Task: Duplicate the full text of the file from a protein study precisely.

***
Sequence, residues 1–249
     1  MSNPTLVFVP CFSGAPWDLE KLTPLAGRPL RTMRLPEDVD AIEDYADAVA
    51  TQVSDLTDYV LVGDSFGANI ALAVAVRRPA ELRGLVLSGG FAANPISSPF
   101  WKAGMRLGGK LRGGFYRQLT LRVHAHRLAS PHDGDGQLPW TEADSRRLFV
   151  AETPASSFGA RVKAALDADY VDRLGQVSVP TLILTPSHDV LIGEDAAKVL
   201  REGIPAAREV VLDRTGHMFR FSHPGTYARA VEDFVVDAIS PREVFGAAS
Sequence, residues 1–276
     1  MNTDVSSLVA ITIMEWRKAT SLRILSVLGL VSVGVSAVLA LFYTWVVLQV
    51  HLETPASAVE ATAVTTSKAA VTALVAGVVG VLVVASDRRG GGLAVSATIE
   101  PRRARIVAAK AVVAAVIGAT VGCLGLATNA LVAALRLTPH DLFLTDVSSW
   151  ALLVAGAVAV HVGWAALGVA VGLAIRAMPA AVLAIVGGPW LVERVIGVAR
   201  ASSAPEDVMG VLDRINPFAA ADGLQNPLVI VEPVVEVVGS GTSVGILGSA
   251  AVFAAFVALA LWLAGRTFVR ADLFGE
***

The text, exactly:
Sequence, residues 1–249
     1  MSNPTLVFVP CFSGAPWDLE KLTPLAGRPL RTMRLPEDVD AIEDYADAVA
    51  TQVSDLTDYV LVGDSFGANI ALAVAVRRPA ELRGLVLSGG FAANPISSPF
   101  WKAGMRLGGK LRGGFYRQLT LRVHAHRLAS PHDGDGQLPW TEADSRRLFV
   151  AETPASSFGA RVKAALDADY VDRLGQVSVP TLILTPSHDV LIGEDAAKVL
   201  REGIPAAREV VLDRTGHMFR FSHPGTYARA VEDFVVDAIS PREVFGAAS
Sequence, residues 1–276
     1  MNTDVSSLVA ITIMEWRKAT SLRILSVLGL VSVGVSAVLA LFYTWVVLQV
    51  HLETPASAVE ATAVTTSKAA VTALVAGVVG VLVVASDRRG GGLAVSATIE
   101  PRRARIVAAK AVVAAVIGAT VGCLGLATNA LVAALRLTPH DLFLTDVSSW
   151  ALLVAGAVAV HVGWAALGVA VGLAIRAMPA AVLAIVGGPW LVERVIGVAR
   201  ASSAPEDVMG VLDRINPFAA ADGLQNPLVI VEPVVEVVGS GTSVGILGSA
   251  AVFAAFVALA LWLAGRTFVR ADLFGE